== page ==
Problem-based research cutting across student-faculty lines and disciplines. Bass Connections at Duke supports vertically integrated teams of students and faculty across campus to engage in problem-based research built around five core themes: Brain & Society; Information, Society & Culture; Global Health; Education & Human Development; and Energy.
This working group is building on the existing archive of refugee narratives from urban, refugee camp, and resettlement contexts gathered through KIE’s DukeImmerse: Uprooted/Rerouted program. Using this prior research as a point of departure, the group is studying how the resettlement process, a global and transnational program where refugees are provided settlement in countries such as the United States, affects the mental health and well-being of refugees.
While there are growing bodies of research on pre- and post-displacement, this project is innovative in that it considers resettlement as a global process which has implications for refugee health at different points, from the country of first asylum to the resettlement country. Prior research will be augmented by additional fieldwork in Jordan and Nepal. Primary focus will be on the effects of displacement/resettlement on three communities: Bhutanese, Iraqis and Syrians.
Suzanne Shanahan, Sociology and Kenan Institute for Ethics
Eve Puffer, Psychology & Neuroscience and Duke Global Health Institute
Abdul Sattar Jawad, Asian & Middle Eastern Studies
Nadia El-Sharaawi, Kenan Institute for Ethics
Grace Benson is a senior from Blacksburg, Virginia. She is a Public Policy Studies major with a certificate in the Study of Ethics. She currently co-directs KIE’s MASTERY, a tutoring and mentorship program for refugee youth.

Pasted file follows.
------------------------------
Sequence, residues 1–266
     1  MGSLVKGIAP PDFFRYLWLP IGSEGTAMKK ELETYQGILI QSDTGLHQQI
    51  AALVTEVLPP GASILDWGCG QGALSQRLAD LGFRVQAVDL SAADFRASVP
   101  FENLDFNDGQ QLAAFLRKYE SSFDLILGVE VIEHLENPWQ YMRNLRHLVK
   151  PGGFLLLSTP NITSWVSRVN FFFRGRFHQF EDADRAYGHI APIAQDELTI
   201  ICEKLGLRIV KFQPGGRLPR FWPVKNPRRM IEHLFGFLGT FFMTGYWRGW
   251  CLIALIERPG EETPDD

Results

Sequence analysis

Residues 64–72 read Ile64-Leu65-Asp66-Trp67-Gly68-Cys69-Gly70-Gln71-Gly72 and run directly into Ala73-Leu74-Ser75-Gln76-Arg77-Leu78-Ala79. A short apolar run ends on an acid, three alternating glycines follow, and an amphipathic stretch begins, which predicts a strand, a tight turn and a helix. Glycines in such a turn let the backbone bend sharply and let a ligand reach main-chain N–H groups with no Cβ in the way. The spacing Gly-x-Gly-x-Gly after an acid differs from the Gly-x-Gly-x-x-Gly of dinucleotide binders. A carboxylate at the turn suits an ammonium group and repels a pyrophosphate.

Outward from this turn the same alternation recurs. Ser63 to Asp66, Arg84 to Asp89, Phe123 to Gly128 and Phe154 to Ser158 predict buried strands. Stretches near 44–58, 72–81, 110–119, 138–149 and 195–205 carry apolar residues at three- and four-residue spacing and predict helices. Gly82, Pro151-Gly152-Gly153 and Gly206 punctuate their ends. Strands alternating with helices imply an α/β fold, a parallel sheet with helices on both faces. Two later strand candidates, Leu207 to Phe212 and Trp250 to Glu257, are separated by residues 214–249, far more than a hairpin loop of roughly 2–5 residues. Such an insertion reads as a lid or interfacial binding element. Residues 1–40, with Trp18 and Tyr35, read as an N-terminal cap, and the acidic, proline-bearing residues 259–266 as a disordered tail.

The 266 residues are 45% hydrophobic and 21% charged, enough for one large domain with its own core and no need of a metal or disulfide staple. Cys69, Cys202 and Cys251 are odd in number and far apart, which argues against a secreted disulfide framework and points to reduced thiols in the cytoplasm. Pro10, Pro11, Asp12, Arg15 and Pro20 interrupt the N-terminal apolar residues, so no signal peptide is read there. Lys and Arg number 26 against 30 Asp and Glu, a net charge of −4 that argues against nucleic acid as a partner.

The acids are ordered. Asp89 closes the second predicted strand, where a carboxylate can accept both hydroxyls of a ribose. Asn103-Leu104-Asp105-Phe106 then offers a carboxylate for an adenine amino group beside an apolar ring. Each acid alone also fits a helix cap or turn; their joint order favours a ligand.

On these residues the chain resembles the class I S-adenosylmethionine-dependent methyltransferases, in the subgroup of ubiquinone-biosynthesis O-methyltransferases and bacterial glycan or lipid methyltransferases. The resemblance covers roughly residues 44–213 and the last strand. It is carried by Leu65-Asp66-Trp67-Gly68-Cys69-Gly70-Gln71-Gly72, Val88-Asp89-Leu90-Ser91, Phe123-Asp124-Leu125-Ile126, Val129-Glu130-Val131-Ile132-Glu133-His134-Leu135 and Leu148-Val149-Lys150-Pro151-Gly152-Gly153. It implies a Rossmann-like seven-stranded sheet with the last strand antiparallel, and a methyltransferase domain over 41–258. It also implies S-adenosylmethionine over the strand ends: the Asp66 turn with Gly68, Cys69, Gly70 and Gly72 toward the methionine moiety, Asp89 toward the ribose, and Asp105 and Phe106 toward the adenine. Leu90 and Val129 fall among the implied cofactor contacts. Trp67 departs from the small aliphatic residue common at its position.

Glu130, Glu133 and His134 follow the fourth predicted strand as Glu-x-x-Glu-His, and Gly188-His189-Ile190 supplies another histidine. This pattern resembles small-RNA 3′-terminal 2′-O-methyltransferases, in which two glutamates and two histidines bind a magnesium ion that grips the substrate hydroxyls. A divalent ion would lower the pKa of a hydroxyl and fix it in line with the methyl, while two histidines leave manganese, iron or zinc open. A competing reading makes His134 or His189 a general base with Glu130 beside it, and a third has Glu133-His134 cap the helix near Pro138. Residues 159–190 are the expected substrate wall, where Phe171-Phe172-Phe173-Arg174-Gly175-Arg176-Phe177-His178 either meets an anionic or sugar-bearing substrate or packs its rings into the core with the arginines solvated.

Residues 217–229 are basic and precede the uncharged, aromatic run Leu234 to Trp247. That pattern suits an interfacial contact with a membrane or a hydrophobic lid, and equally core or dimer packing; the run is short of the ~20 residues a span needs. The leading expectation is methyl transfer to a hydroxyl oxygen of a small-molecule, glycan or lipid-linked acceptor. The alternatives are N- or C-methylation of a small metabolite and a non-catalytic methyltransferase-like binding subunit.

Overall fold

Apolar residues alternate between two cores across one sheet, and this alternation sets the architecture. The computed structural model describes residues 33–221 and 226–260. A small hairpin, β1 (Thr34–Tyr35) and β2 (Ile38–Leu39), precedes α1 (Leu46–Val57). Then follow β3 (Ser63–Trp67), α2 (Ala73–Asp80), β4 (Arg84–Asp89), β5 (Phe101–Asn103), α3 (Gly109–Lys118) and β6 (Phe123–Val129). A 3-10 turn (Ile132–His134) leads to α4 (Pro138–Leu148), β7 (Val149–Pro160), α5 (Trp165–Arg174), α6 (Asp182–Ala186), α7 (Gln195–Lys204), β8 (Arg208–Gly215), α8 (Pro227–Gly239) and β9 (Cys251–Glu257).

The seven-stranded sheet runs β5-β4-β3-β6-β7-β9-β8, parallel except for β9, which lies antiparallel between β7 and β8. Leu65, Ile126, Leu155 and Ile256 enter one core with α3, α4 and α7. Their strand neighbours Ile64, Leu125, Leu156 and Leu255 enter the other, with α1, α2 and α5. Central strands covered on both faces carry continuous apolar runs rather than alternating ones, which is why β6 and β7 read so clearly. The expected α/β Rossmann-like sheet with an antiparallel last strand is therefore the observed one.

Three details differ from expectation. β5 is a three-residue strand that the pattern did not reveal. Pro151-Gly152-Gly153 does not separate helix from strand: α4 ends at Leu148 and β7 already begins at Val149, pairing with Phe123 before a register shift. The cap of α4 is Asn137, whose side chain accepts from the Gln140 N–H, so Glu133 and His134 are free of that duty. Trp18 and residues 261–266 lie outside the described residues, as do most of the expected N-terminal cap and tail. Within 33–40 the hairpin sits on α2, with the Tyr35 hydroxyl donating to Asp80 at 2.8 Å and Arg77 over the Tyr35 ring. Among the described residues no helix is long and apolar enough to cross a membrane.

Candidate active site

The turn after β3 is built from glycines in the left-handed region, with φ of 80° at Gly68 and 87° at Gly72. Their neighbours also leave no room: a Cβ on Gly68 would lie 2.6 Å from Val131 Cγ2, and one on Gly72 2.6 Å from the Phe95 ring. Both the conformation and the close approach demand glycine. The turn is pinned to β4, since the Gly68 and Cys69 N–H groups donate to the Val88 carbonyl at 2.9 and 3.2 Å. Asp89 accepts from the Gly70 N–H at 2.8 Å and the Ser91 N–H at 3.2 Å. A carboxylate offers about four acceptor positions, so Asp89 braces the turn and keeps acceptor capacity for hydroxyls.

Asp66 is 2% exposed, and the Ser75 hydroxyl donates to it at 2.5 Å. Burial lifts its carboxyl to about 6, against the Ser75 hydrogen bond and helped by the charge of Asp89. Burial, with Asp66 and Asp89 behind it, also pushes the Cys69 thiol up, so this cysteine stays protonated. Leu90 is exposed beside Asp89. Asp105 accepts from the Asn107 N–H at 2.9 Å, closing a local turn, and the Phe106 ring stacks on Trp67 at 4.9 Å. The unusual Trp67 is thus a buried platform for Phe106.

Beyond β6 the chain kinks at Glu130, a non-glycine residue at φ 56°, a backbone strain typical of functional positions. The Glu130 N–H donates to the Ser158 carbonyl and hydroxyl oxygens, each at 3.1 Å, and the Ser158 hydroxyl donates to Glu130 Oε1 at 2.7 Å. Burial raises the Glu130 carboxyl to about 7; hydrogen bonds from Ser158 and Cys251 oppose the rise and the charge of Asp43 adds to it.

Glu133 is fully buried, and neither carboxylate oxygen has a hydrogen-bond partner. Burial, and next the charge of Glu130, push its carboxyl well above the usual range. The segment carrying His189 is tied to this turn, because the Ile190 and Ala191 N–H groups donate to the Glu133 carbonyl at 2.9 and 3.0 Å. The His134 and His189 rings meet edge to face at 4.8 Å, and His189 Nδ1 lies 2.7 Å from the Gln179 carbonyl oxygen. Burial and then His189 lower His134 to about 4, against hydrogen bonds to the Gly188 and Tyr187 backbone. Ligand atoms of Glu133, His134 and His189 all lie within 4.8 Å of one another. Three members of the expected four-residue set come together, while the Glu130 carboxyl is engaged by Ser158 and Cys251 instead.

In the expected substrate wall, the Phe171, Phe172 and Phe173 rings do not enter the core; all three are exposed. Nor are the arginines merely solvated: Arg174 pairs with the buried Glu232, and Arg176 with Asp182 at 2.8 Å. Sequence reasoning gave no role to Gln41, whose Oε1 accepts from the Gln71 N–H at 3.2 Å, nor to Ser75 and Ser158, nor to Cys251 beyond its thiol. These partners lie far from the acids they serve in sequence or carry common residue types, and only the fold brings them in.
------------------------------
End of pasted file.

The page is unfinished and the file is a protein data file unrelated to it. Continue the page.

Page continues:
Kiran Bhai is a senior from Dallas, Texas with a Program II major in Global Health Policy and Ethics. Kiran has been involved with the Kenan Institute for Ethics since her freshman year and has focused on refugee studies.
Sonia Hatfield graduated from the University of Florida in 2010 with a degree in Linguistics. She spent a year as a Social Justice Fellow with the New Israel Fund and has worked with resettled refugee youth in the Houston area.
Kelly Howard is a senior from Tucson, Arizona. She is an Evolutionary Anthropology (B.S.) major with a certificate in the Study of Ethics, and is thrilled to have found Kenan through DukeImmerse her sophomore year.
Esther Kim is a senior from Cleveland, Ohio. She is a political science major with a certificate in the study of ethics. Esther has been involved with KIE in various capacities, and she is using her research to write a thesis.
Malena Price is a rising Junior from Poughkeepsie, NY. She is majoring in International Comparative Studies with a focus on the Middle East and she is also studying Advanced Arabic.
Leena El-Sadek is a junior from Jackson, Mississippi. She is majoring in Cultural Anthropology and Global Health with a concentration in the physical and mental well-being of refugees and a minor in Psychology.
Jennifer Sherman is a senior from Cleveland, Ohio majoring in Cultural Anthropology with a minor in Theater Studies. She is the co-director of Kenan’s MASTERY program for resettled refugee youth in Durham.